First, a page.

DEAR DR. DONOHUE: I am 57 years old and a female. I have tennis elbow. I had a few cortisone injections, which helped but did not get rid of it. A doctor recommended some exercises, but I haven’t continued them because they aggravated the pain. Will the pain ever go away? Am I destined for surgery? – P.C.

ANSWER: For your and readers’ orientation, let your affected arm hang down with the palm at thigh level and facing forward. With your other hand, feel the little, bony bulge on the far side of your elbow, the side not next to your body. That’s the lateral epicondyle, and it’s the place where many of the forearm muscles attach to the elbow via a wide tendon. Tennis elbow is lateral epicondyle tendinitis. Some don’t like calling it tendinitis because they feel it’s not an inflammation but a degeneration of the tendon attachment.

All agree, however, that damage to the tendon comes from repetitive use with too little rest. It can happen at any age, but it mostly happens to people between the ages of 35 and 50 who play tennis three or more times a week for 30 or more minutes each session. It can happen to others – non-tennis players. Carpenters are often victims.

Rest is important. You don’t have to keep the arm and elbow immobile. You shouldn’t do anything that intensifies the pain, including exercises. A physical therapist can work with you to design exercises and stretches that aren’t painful Warm compresses for 20 minutes, three times a day, are helpful. Anti-inflammatory medicines like naproxen and ibuprofen ease the pain.

Cortisone shots should put an end to the pain if you rest the elbow after the shot. Soundwave therapy is favored by many. Botox, the stuff used to smooth skin wrinkles, is said to stop any muscle spasms that aggravate the pain.

Once the elbow is free of pain, then many find that wearing a forearm brace, obtainable at most sporting-goods stores, prevents a recurrence. The brace slightly changes the angle that the tendon inserts at the elbow, and it absorbs the racket vibrations transmitted to the elbow after hitting a ball. People with tennis elbow should see a tennis pro. The pro can correct your strokes so they aren’t taking a toll on the tendon. A poorly hit backhand is often responsible for tennis elbow. You’re not destined for surgery.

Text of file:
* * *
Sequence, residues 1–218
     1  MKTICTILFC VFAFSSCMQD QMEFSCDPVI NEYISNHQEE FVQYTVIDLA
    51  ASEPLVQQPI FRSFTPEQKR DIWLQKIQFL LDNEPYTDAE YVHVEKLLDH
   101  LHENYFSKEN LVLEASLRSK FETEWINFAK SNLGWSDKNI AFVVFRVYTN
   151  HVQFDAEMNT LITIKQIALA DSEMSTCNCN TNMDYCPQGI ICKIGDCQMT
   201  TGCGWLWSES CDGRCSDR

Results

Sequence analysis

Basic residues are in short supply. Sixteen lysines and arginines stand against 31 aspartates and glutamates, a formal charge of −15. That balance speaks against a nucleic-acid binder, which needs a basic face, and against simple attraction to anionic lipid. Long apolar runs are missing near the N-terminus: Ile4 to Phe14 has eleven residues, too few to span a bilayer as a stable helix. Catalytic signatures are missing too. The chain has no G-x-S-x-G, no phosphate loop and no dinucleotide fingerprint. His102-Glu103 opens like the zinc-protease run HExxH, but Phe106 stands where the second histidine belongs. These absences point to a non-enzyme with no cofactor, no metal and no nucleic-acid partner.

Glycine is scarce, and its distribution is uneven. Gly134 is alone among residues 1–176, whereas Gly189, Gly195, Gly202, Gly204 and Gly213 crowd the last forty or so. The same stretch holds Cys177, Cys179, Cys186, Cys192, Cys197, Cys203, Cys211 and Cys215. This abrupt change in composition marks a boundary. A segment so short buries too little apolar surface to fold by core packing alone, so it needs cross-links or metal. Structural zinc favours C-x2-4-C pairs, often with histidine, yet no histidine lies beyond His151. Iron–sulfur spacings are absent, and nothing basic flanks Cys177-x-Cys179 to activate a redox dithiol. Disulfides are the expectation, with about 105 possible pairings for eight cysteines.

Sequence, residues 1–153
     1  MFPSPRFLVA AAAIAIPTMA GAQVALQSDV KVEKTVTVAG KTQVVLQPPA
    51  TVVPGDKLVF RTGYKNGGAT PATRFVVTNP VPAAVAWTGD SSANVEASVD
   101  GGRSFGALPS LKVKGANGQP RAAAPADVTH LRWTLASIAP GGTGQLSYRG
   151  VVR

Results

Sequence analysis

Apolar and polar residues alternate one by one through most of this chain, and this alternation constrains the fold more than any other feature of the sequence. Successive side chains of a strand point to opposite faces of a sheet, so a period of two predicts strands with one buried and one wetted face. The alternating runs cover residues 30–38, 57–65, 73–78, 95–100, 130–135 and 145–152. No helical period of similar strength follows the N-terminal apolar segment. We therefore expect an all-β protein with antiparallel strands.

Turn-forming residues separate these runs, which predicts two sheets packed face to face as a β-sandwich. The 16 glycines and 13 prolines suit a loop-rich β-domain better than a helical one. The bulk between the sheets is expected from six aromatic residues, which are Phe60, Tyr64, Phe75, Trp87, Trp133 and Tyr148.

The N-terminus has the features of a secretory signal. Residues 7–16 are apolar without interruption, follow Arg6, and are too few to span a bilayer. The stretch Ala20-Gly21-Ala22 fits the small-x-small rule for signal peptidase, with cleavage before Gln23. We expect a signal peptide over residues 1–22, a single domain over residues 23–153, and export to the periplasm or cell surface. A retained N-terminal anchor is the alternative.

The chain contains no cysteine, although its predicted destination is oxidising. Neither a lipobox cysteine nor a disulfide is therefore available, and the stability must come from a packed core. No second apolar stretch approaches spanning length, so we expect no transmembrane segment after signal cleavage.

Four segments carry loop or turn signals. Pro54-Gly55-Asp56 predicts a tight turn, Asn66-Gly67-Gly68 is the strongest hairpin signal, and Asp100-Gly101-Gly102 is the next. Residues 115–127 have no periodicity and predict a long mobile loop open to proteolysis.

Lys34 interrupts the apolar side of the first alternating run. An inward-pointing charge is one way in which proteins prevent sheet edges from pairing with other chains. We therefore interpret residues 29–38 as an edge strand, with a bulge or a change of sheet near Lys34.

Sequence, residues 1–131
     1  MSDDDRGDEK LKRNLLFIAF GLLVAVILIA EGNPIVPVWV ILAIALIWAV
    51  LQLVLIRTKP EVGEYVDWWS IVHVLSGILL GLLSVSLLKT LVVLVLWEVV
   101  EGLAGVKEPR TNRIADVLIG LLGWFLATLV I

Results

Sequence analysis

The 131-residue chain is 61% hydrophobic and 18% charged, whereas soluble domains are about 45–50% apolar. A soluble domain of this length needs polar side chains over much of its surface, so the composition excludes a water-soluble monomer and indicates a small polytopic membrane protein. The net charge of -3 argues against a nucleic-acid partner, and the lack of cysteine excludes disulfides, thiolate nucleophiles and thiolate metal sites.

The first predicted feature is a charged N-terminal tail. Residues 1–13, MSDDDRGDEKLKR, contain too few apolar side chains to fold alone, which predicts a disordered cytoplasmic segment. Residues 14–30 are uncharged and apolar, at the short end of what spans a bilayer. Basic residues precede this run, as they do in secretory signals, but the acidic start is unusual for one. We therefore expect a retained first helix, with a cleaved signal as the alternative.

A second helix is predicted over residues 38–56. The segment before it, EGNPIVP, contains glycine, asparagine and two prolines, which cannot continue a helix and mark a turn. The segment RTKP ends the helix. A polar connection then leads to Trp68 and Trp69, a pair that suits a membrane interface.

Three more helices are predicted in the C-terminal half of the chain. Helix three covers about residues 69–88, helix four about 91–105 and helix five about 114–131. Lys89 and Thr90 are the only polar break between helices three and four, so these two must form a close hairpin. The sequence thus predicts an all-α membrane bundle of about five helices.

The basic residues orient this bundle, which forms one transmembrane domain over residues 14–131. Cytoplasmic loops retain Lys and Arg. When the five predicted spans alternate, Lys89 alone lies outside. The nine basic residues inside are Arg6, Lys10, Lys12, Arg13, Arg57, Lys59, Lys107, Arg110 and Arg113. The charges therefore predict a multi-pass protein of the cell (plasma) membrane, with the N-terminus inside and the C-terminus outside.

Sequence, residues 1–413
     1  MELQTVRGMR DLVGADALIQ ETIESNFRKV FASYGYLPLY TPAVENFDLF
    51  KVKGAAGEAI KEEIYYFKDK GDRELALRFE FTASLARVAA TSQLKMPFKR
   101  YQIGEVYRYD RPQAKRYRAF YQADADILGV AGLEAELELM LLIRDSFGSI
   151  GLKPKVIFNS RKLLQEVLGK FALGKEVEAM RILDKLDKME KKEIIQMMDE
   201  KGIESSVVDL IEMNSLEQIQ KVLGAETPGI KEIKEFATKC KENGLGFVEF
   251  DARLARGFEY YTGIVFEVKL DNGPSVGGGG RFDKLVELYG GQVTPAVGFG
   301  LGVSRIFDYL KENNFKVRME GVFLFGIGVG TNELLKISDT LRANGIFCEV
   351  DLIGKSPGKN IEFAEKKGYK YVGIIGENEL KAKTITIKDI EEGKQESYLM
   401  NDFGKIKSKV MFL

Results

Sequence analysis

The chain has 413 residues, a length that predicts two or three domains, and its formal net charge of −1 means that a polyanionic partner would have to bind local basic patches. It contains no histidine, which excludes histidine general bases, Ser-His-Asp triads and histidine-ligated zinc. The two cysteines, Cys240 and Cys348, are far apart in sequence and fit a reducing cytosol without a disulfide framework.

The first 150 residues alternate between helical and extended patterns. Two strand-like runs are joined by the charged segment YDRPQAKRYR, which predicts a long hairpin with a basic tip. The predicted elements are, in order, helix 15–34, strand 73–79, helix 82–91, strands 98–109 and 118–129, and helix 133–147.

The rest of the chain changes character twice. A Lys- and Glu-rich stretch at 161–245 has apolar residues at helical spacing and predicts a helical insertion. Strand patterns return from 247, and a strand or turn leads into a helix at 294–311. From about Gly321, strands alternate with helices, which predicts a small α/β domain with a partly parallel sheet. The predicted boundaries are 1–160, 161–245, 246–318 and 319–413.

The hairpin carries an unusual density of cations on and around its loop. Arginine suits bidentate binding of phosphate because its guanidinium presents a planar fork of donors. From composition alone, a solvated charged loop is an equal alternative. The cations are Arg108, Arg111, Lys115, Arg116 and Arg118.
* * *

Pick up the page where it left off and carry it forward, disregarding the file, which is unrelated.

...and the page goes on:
DEAR DR. DONOHUE: I took my waist measurement after reading that women shouldn’t have a waist measurement over 35 inches (89 cm). Mine is 32 inches. I swim for 25 minutes, bike for 15 minutes and run for 10 minutes. In addition, I lift weights for all muscle groups.

I am 47, 5 feet 2 inches tall and weigh 140 pounds.

Am I overdoing it? Am I on the track for burnout? What do I have wrong? What am I doing right? – P.H.

ANSWER: You’re not doing anything wrong. Your waist is great. For men, the waist measurement should not be over 40 inches.

A few symptoms can tell you if you’re overdoing it. One is fatigue that just won’t go away. Another is your early-morning resting pulse. Take your pulse about five minutes after wakening, while you’re still in bed. If it jumps up from what it used to be, that’s an indication you need to back off and take some rest.

Your body mass index, a better indication of body fat than is scale weight, is 25.6. Normal is 18.5 to 24. You are a tad overweight, but it’s nothing to get excited about. Just keep doing what you’re doing.

DEAR DR. DONOHUE: I have a pedometer that measures steps, not miles. How many steps are in 1 mile? Are they still recommending 10,000 steps a day? – J.G.

ANSWER: The number of steps in a mile depends on the length of a person’s stride but, on average, 2,000 steps is a mile. Most people take only 3,000 to 5,000 steps a day. The recommendation is still 10,000 a day. That’s no magic number. Take as many steps as you can.

DEAR DR. DONOHUE: My husband has really bad emphysema. He’s on oxygen, but not all the time. I wonder about a lung transplant for him. I have never read that such a transplant is done for emphysema. Is it? I think it’s the only thing that would make him better. – L.C.

ANSWER: COPD, chronic obstructive pulmonary disease, includes emphysema and chronic bronchitis. COPD is one of the five topmost indications for lung transplantation.

The number of people who have COPD is 16 million in the United States. Due to a shortage of lung donors, only around 1,000 lung transplants are possible each year. That’s one reason you haven’t read about the procedure.

In addition, there are guidelines for selection that often exclude many potential lung transplant patients. For a two-lung transplant, people under 60 are usually chosen, and for a single-lung transplant, people under 65 are candidates.

Dr. Donohue regrets that he is unable to answer individual letters, but he will incorporate them in his column whenever possible. Readers may write him or request an order form of available health newsletters at P.O. Box 536475, Orlando, FL 32853-6475. Readers may also order health newsletters from

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